What’s in a name? A (cannabis) flower by any other name would still smell as dank. In an era of weed legalization, marijuana law isn’t the only thing that’s changing. The words people use to talk about cannabis are also evolving.
Of course, what your parents may call grass and what you may call weed is all the same thing, despite the different ways generational, geographical, and legal shifts change how we think about and talk about cannabis. In fact, even legalese has changed: In California, for instance, voters legalized medical “marijuana,” in 1996, while today even politicians and state regulators call it cannabis.
As far as slang goes, in California, the most common term for cannabis is “dope,” while in Colorado and Washington it’s “ganja,” in Oregon it’s “bud,” in New York it’s “420,” in New Jersey it’s “blunt,” and in Arizona and Alabama it’s “Mary Jane.”
According to data pulled together by Project Know, slang also varied along gender and other demographic lines. Men are more likely to say “ganja,” while women are more likely to say “pot.” Meanwhile, millennials are most likely to say “420,” Generation Xers are most likely to say “dope,” and Baby Boomers are most likely to say “grass.”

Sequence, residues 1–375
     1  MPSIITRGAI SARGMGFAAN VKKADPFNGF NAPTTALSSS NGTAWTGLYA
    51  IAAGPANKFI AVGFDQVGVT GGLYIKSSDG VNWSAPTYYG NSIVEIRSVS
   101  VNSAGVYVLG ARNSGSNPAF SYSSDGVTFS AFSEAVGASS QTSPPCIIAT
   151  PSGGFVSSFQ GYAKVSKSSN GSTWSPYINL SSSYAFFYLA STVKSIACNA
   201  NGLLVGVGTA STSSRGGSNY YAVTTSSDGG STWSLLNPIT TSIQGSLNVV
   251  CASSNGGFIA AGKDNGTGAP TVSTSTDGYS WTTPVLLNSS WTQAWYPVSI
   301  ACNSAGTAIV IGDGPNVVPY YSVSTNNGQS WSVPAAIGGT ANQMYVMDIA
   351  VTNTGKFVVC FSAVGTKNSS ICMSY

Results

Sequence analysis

Project Know also looked at factors like “self reported coolness” and college attendance. Those who considered themselves uncool most often call cannabis “grass,” while those who think they’re cool call it “ganja.” Moreover, college students most often reported calling it “420,” while non-college students are more likely to call it “herb.”
Most people (80 percent of survey respondents) said they learned drug slang through their friends, while 70 percent learned it online. Another 46 percent said they learned drug slang at school, 31 percent learned it while actually doing drugs, and 23 percent learned it from their families. Surprisingly, medi like movies and TV accounted for only 13.5 percent.
While all these terms refer to the same thing, the way you talk about cannabis could affect the way you conceive of the plant, and how it fits into the culture you belong to.